The Online Computer Library Center filed a lawsuit in federal district court in Ohio against New York's Library Hotel for trademark infringement, because the hotel's room numbers are based on the Dewey Decimal system, for which OCLC owns the trademark.

The complaint (courtesy of beSpacific):

This is an action for trademark infringement under the Lanham Act, 15 U.S.C. §1051 et seq.; 15 U.S.C. §1114(a); unfair competition, passing off, false advertising and false designation of origin under the Lanham Act, 15 U.S.C. §1125(c), arising from Defendant's unauthorized use of OCLC's world-famous trademarks DEWEY DECIMAL CLASSIFICATION, DEWEY and DDC, as well as elements of the Dewey Decimal Classification System in its hotel concept, marketing and promotion.

NY Times: Where Did Dewey File Those Law Books?

"The Dewey Decimal System is a product, a trademark, a brand name," said Joseph R. Dreitler, a lawyer for the Online Computer Library Center, a nonprofit library cooperative that filed the suit last week in Federal District Court in Ohio. "The idea here isn't to put the Library Hotel out of business. The idea is to protect Dewey and the Dewey Decimal System trademark."

AP: Library catalog system owner sues book-based New York hotel

Perhaps the hotel should switch over to the Library of Congress Clasiffication system.

JetBlue and CAPPS II

The backlash begins against JetBlue for sharing its passenger data with TSA contractor Torch Concepts. EPIC filed a complaint with the FTC, and a group of passengers filed a class action suit

Reuters: JetBlue won't help test airline security program

"(JetBlue) decided against further participation unless federally mandated due to concerns for customer privacy and the uncertainty of the final structure of CAPPS II," the airline said in a written statement.

AP: JetBlue Sued For Disclosing Passenger Info

The class-action lawsuit, filed in Utah's 3rd District Court, alleges fraudulent misrepresentation, breach of contract and invasion of privacy.

EPIC: Complaint and Request for Injunction, Investigation and for Other Relief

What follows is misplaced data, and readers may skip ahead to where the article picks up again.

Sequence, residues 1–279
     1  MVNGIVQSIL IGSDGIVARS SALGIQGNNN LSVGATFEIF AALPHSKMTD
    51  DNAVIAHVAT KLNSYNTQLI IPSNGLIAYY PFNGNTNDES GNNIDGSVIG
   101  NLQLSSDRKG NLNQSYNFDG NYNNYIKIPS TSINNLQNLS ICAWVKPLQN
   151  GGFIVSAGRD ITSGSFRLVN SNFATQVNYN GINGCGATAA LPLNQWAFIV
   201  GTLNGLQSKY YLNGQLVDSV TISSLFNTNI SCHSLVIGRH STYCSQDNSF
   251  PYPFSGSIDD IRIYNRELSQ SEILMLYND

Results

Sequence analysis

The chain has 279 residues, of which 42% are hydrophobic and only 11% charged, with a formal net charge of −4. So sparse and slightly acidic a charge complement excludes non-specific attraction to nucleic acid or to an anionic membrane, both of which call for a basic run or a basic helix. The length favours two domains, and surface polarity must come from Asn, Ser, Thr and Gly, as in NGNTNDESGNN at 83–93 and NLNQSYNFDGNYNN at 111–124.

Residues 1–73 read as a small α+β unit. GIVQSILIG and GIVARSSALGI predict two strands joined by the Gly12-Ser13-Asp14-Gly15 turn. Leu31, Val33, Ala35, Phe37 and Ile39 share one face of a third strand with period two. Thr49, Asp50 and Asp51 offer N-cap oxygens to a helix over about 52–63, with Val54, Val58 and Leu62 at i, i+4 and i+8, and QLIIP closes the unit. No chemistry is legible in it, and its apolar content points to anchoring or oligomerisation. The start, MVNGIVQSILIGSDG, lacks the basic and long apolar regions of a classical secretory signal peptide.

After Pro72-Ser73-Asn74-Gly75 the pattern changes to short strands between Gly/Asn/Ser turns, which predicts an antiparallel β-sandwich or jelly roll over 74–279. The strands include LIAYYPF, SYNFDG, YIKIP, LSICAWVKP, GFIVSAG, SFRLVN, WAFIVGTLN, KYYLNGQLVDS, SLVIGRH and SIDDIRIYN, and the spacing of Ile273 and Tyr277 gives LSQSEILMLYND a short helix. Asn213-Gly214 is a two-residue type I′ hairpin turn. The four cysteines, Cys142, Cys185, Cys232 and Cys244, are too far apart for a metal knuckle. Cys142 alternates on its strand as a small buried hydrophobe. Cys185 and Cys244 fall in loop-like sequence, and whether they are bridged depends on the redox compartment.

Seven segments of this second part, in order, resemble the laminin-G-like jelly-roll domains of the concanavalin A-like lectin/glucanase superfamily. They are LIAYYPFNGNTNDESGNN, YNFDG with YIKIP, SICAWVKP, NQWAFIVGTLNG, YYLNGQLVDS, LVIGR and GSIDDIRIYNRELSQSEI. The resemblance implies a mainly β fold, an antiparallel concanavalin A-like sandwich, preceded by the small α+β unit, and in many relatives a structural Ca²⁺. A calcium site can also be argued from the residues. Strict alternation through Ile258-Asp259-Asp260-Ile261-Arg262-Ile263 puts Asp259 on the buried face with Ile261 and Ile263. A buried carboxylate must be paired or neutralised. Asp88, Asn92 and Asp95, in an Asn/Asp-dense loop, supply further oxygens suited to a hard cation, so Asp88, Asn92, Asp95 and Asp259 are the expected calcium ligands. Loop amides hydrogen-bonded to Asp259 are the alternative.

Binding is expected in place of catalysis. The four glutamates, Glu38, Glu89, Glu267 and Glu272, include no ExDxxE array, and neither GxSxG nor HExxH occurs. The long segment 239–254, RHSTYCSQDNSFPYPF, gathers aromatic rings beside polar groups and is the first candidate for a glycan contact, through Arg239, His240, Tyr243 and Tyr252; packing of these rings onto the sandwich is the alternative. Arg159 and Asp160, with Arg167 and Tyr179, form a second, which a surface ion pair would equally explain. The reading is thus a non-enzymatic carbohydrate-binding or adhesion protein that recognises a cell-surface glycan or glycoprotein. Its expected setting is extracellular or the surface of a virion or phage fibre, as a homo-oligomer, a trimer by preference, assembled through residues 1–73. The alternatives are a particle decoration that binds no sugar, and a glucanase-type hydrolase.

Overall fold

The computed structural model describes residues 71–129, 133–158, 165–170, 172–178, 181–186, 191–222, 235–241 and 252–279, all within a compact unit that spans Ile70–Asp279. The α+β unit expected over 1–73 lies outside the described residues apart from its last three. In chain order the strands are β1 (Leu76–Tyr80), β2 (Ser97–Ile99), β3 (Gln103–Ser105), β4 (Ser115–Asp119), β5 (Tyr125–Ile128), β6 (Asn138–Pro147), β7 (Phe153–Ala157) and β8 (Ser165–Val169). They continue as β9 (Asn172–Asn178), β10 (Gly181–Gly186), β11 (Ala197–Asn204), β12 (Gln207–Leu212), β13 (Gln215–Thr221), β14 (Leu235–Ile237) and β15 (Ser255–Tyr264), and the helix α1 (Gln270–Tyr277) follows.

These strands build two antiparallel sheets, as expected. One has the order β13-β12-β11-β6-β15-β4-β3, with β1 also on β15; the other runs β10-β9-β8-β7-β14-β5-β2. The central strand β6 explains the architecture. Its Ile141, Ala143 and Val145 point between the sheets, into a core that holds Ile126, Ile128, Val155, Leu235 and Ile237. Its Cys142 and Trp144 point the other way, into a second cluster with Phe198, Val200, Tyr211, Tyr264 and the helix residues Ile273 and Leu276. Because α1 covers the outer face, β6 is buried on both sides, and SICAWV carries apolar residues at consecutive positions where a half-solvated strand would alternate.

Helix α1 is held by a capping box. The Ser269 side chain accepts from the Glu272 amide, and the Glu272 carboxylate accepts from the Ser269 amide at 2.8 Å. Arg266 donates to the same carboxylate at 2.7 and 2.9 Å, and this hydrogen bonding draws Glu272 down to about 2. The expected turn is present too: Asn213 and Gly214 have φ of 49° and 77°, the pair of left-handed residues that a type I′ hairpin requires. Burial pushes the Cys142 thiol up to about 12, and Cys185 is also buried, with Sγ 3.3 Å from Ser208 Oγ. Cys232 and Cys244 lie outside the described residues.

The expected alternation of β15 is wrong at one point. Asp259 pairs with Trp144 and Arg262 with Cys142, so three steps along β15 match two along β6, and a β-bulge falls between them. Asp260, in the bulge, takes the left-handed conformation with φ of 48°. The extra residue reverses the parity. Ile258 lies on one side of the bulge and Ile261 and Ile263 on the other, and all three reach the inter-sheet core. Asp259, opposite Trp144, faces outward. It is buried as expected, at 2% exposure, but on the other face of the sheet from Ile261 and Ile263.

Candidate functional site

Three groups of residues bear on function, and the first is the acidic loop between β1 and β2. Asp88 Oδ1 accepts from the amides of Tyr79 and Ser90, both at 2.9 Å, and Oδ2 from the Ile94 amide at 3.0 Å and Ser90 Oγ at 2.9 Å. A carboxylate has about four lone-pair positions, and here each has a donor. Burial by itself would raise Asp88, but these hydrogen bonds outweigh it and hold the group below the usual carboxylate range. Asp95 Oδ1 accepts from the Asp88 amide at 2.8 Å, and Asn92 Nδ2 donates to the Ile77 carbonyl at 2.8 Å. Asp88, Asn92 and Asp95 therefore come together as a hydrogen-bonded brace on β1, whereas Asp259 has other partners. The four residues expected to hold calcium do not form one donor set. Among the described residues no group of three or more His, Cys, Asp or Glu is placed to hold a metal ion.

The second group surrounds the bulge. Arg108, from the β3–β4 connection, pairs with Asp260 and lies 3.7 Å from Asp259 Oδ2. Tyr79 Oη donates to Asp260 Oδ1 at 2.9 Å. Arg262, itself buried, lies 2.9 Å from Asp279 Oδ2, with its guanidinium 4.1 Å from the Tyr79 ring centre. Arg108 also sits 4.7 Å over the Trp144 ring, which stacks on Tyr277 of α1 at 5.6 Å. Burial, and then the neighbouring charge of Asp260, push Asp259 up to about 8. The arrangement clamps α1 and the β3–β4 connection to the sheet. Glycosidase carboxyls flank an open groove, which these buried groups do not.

As set forth in detail below, JetBlue Airways Corporation and Acxiom Corporation have engaged in deceptive trade practices affecting commerce by disclosing consumer personal information to Torch Concepts Inc., an information mining company with its principal place of business in Huntsville, Alabama, in violation of 15 U.S.C. § 45(a)(1). JetBlue Airways Corporation and Acxiom Corporation engaged in these activities without the knowledge or consent of the affected consumers, and in contravention of public assurances that the personal information it collects would not be disclosed to third parties.

House Bans Taxes on Internet Access

AP: House Bans Taxes on Internet Access. The ban permanently extends one, enacted in 1998, which ends in November. All types of Internet access, from dial-up to broadband, are exempt from the tax.

How file sharing works. Is it wrong?

Today's NY Times Circuits section includes two articles on file sharing.

Is It Wrong to Share Your Music? (Discuss)

"People don't know what they're getting into when they buy a computer," said Korbi in a conversation after Ms. Kriger's class. "I think Dell should send out a contract for parents to sign, saying you agree not to use it for illegal purposes. I don't know how else they're supposed to get people to stop."

His Beyonce, Her Beatles: A Primer on Trading

A file-sharing system basically works like this: you download and install a file-sharing program like KaZaA, which allows you to search the Internet for specific material that somebody else's computer may have. When you find it, you can get a copy of the file. In exchange, you make a folder of your own files to be shared with other users. Because all of this trading is done directly between individuals, it is commonly referred to as peer-to-peer, or P2P, networking.